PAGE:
- by Dr Gowher Yusuf
- 0 Shares
- Mar 20 2017
The Child with Obesity
Goals of therapy include: (a) Behavior goals, with the primary goal of treatment being the establishment of healthy eating and activity patterns, (b) medical goals such as resolution of any secondary e.g. abnormal blood pressure or lipid profile, and (c) weight goals (usually weight maintenance rather than weight loss unless there are complications of obesity or unless the child is over 7 years old with a BMI above the 95th percentile.
Facilitating change is difficult but success can be increased if intervention begins early and if the family is ready for change. It is important to educate families about the complications of obesity and to involve all family members and caregivers. Indeed, when dealing with pre-adolescent children, the focus should be on the parents/caretakers as the agents of change, rather than expecting young children to be responsible for any lifestyle change. The family should be told that the aim is to achieve permanent changes and not to focus on short-term diets or exercise programs for rapid weight loss. The family needs to learn how to monitor eating and activity and the intervention program should help the family to make small gradual changes. It is important for the doctor to encourage and empathize, and not to criticize. Depending on resources it is beneficial to involve a variety of experienced professionals.
Dietary Change and Food Intake
The family should be given advice on reducing calorie intake. The goal should be the provision of well balanced, healthy meals without an emphasis on a “diet”. It is recommended that the Food Guide Pyramid is helpful in selecting foods and that the family should try to eliminate 1 or 2 high-calorie food at a time. A “stoplight diet” (green/orange/red) can also be useful.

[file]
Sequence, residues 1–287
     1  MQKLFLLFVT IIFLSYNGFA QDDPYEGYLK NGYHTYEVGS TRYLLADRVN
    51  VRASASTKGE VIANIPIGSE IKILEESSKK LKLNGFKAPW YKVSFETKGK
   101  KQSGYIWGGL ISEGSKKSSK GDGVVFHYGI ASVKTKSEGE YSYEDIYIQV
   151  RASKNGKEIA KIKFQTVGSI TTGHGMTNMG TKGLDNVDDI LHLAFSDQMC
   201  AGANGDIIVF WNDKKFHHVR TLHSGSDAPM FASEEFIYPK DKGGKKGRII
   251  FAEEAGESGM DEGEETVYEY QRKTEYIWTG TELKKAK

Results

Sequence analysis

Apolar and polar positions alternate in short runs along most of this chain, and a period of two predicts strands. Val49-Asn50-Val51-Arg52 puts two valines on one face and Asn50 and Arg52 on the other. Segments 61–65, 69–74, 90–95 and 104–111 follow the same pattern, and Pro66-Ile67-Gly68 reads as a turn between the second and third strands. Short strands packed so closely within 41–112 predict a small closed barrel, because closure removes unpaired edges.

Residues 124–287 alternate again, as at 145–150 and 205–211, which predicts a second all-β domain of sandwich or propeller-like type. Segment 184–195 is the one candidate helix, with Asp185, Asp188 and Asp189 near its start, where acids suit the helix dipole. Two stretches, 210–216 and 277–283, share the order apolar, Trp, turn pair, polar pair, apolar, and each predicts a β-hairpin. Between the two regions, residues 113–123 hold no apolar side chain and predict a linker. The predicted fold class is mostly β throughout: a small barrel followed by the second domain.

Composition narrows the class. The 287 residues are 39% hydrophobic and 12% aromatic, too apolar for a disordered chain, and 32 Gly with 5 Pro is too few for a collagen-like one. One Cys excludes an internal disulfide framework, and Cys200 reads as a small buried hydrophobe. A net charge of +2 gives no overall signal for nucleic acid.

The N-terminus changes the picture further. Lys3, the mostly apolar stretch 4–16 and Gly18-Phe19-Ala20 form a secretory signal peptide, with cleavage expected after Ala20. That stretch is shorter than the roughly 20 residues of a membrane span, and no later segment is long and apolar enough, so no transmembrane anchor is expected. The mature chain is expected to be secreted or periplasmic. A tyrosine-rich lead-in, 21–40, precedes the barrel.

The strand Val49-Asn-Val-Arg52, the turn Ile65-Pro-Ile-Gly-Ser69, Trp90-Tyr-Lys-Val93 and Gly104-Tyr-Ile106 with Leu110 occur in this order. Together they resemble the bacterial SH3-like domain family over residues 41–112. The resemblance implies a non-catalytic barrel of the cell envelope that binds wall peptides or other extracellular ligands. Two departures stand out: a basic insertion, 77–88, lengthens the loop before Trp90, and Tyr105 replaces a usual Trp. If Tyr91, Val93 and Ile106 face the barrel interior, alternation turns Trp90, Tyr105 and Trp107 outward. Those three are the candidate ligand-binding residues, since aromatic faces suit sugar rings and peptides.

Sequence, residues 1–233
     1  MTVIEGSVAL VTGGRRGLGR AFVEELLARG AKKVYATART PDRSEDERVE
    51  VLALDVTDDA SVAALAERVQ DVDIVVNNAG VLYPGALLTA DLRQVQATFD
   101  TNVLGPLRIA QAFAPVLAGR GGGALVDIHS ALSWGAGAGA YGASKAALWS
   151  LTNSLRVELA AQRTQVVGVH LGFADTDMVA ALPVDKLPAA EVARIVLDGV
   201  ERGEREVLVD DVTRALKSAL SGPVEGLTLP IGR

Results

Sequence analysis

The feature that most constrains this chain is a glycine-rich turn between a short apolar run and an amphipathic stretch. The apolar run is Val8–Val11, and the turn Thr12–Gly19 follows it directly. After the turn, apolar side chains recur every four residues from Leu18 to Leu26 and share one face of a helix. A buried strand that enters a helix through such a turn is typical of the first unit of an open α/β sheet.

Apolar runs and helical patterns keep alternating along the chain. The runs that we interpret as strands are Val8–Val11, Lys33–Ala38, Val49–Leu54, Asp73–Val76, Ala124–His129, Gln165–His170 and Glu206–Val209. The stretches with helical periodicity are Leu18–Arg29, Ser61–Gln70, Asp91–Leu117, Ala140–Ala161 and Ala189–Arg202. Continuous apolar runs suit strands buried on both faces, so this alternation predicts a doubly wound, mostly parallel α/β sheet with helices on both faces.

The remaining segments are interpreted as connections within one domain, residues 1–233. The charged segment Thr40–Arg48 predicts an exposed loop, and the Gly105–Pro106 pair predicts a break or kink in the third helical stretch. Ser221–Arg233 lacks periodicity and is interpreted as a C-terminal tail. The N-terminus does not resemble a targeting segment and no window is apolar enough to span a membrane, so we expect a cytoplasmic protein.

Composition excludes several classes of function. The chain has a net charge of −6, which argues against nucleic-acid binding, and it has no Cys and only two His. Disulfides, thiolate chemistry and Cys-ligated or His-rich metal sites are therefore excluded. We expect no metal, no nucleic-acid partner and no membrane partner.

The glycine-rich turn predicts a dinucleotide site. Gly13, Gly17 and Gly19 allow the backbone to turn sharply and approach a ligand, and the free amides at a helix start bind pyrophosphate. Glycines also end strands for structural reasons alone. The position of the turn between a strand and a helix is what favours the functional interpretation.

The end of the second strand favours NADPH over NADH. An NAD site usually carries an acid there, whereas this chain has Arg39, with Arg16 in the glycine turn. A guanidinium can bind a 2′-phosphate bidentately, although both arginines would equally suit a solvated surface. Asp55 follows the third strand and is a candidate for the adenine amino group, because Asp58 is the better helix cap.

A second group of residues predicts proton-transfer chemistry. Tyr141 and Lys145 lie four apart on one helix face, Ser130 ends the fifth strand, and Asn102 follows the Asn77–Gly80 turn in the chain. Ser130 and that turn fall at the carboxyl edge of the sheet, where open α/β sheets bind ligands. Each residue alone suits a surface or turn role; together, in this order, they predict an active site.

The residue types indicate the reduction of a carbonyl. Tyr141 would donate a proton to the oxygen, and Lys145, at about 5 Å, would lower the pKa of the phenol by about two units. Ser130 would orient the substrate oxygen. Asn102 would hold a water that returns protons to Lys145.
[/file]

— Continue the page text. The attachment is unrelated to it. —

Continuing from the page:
Involvement of the entire family in making a change to a sustainable and healthy food intake is usually vital. This is because changes in shopping and cooking practices, and altered attitudes to snacking and meal times, may all be required. Essentially the focus should be on behavior change and moderate fat restriction, rather than calorie restriction or a diet prescription. Families can be helped to become aware of some at risk features in their usual dietary intake, such as the following.
- Skipping breakfast or lunch
- Having regular high fat or high energy snacks.
- Snacking frequently in the after-school period.
- Having take away meals, or eating out, on a frequent basis.
- Stocking tempting high fat or high energy food (e.g. cookies) in the cupboards.
A more healthy food intake may be include some of the following elements:
- Use low fat dairy products.
- Stock a range of low fat snacks that the child enjoys eating.
- Make time to eat breakfast.
- Eat together as a family most days of the week.
Obese children may not enjoy group physical activities, such as school sports, because their performance may not be as good as their leaner peers. However, they, or their families, need to be encouraged to incorporate some opportunities for activity into their everyday lifestyle. The following suggestions may be helpful:
- Is it possible to walk part or all of the way to or from school?
- Does the family car need to be used for small chores in the neighborhood Is it possible to walk instead?
- Can some of the family go for a walk together at least once a week?
- Are there safe parks or cycle-ways nearby where young children can play?
Targeting Sedentary behavior
Interestingly, targeting a decrease in sedentary behavior may be more effective than targeting an increase in physical activity. If families and young people are encouraged to be aware of situations when they are being sedentary, they may more readily choose to be active. Families or young people should be encouraged to consider the following:
- How is television used in the household? Is it continually turned on, or does the family use it more discerningly.
- How many hours of television, videos, video games or computers are watched per day?
- Is the remote control used to change the television channels?
- Is the family car used to take children to and from school?
Note We at Medikoe provide you with the best healthcare articles written and endorsed by experts of the healthcare industry to boost you knowledge. However, we strongly recommend that users consult a doctor or concerned service provider for expert diagnosis before acting on this information.